Keeled box turtle
The elongated (to 18 cm), oval carapace is flattened dorsally and strongly serrated posteriorly. The anterior margin is also somewhat serrated. Three well-developed keels are present: a medial keel along the center of the flattened vertebrals, and two lateral keels extending along the dorsal portions of pleurals 1-4, forming a border on each side of the flattened dorsal area. Hexagonal neurals are short sided posteriorly. Vertebrals are usually wider than long, but the narrower 1st vertebral may be as long as or slightly longer than wide. The 12th marginals (supracaudals) on each side are smallest. Uniformly colored, the carapace ranges from yellowish or light brown to reddish brown or dark brown. The plastron is smaller than the opening of the carapace and cannot close completely; the single hinge occurs between the hyo- and hypoplastra (between the overlying pectoral and abdominal scutes). The entoplastron is crossed by the humero-pectoral seam. A posterior notch lies between the anal scutes. The plastron is united to the carapace by ligaments along a short, but distinct, bridge (approximately one-third as long as the plastron). Its buttresses are weakly developed. An axillary scute may be absent from the bridge. The plastral formula is: abd > an > pect > hum >< fem > gul. The plastron is yellow to light brown with a dark-brown spot on each scute. The head is of moderate size with a strongly hooked, unnotched upper jaw, and a short nonprojecting snout. Triturating surfaces of the jaws are narrow and ridgeless. This species is unique in having the orbit-nasal foramen posteriorly situated at the level of the primitive caroticum foramen, a broad triangular ethmoidalis fissure, and the forward extension of the epipterygoid to the level of the anterior border of the cranial cavity (McDowell, 1964). Posterior head skin is divided into large scales; the head is brown with dark vermiculations. One or two light spots may occur between the orbits and tympanum, and, contrary to some descriptions, these spots may elongate into black-bordered stripes. Limbs are gray to dark brown or black. Anterior surfaces of the forelegs are covered with large scales and the hindlegs are somewhat club shaped. The toes are only partially webbed. The tail is moderate in length, and pointed tubercles arise at its base and on the adjoining thighs.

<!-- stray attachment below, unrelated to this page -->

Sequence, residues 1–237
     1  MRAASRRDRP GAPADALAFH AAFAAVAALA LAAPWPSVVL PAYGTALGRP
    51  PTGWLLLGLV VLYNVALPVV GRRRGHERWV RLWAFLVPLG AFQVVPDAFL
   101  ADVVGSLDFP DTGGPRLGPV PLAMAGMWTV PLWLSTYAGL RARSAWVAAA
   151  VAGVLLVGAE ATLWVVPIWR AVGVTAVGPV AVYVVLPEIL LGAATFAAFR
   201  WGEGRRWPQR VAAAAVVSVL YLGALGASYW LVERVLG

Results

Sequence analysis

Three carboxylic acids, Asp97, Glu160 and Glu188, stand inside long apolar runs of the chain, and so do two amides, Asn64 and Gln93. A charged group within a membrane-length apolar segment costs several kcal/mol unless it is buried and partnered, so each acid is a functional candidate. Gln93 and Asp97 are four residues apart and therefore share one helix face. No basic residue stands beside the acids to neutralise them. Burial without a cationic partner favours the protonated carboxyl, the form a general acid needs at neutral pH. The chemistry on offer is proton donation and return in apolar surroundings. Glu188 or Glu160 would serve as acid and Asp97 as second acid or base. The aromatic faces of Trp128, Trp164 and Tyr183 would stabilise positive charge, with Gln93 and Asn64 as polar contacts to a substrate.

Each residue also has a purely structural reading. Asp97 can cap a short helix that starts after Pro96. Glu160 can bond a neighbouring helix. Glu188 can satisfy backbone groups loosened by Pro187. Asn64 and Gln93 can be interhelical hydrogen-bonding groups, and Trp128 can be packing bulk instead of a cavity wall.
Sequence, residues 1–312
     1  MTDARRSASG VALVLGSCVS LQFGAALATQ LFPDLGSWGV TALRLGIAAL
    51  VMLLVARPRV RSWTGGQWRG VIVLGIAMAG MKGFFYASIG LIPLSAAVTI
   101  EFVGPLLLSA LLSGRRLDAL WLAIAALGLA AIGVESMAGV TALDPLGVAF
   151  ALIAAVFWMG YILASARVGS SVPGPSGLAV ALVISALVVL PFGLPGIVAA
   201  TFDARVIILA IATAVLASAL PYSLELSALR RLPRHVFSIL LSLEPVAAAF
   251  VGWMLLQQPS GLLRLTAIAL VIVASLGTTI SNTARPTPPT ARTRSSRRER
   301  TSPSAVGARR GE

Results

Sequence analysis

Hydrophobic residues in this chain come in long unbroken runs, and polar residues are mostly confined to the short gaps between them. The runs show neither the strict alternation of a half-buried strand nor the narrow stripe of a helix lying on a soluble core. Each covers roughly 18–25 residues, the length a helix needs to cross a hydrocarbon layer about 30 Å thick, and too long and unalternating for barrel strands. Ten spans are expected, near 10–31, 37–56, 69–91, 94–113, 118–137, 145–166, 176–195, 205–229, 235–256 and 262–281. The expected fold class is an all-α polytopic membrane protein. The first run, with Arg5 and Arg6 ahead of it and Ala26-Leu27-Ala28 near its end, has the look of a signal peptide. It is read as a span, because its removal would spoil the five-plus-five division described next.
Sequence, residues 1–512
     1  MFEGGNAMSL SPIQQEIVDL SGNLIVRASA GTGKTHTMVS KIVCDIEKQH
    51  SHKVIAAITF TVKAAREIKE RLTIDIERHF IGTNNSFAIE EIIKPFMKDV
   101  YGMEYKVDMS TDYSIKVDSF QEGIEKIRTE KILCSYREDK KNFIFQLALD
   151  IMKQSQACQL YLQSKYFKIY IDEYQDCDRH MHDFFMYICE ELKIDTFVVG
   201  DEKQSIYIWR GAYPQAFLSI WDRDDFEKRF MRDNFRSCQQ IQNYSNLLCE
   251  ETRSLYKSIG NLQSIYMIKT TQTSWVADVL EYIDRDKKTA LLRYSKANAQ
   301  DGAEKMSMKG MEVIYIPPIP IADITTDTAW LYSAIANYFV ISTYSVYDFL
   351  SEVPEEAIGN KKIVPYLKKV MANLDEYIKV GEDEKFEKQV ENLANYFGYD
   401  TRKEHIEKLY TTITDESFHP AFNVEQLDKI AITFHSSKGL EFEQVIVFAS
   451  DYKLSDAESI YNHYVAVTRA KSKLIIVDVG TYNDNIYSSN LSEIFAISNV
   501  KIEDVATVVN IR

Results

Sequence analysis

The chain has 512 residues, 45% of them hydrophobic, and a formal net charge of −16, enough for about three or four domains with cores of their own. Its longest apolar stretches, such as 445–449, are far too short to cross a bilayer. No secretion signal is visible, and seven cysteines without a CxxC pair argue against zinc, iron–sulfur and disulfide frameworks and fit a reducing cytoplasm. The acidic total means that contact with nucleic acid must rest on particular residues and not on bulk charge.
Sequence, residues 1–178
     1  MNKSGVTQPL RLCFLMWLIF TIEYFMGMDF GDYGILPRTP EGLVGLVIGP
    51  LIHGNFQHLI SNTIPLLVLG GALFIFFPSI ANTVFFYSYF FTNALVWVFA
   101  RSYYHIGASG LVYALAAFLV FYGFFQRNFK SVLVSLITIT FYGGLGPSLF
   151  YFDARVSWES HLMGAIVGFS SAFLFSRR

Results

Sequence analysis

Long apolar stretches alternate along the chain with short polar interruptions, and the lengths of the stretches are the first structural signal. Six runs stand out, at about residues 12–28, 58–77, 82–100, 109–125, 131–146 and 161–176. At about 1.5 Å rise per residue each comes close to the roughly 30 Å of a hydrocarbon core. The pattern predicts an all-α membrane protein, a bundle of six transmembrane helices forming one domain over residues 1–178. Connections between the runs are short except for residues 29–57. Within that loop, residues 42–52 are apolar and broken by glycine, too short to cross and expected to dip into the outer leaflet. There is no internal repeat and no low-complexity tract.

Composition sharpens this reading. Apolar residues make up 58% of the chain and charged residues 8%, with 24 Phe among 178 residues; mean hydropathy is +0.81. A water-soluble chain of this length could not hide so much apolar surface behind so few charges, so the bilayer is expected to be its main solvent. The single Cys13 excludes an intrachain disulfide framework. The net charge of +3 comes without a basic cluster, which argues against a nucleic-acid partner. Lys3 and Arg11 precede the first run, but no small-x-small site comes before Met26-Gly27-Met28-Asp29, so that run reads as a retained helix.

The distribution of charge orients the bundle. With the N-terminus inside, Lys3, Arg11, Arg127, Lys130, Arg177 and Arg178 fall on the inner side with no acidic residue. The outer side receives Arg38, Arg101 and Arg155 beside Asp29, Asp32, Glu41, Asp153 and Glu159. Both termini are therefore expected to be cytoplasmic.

The karyotype is 2n = 52; 28 macrochromosomes (18 metacentric or submetacentric, 10 telocentric or subtelocentric) and 24 microchromosomes (Bickham and Carr, 1983; Carr and Bickham, 1986).
Males have longer, thicker tails than do females.
Pyxidea is found in Guangdong, Guangxi, and Hunan Provinces, and on Hainan Island, China, and from Vietnam westward to Myanmar. There is also a record from Assam (Choudhury, 1993b).
Pyxidea mouhotii is a terrestrial species which seldom enters water. Nutphand (1979) commented that the only time it becomes wet is when it rains or from the morning dew. It is apparently a forest dweller, and Pope (1935) reported it inhabits mountainous terrain on Hainan.
During courtship males bite females on the neck (Das, 1991). Captives have oviposited from June to September (Boonman, 1994; Das, 1995). Das (1995) reported clutches contain 1-5 brittle-shelled eggs (40-56 x 25-27 mm). Incubation at 28°C takes 97-108 days (Weser, 1989; Boonman, 1994). Hatchlings are 35.0-39.2 mm and have a dark brown plastron with a brightly orange rim (Ewert, 1979; Das, 1991; Boonman, 1994).
In the wild, Pyxidea mouhotii has been reported to prefer plant foods, but captives are omnivorous (Das, 1995) to even predominantly carnivorous (Boonman, 1994). Sachsse (1973) thought Pyxidea mouhotii similar in habits to the North American Terrapene.
Based on similarities with Cuora galbinifrons serrata, Fritz and Obst (1997) speculated that Pyxidea mouhotii may eventually be considered a highly specialized form of Cuora.
IUCN Red List Status (1996)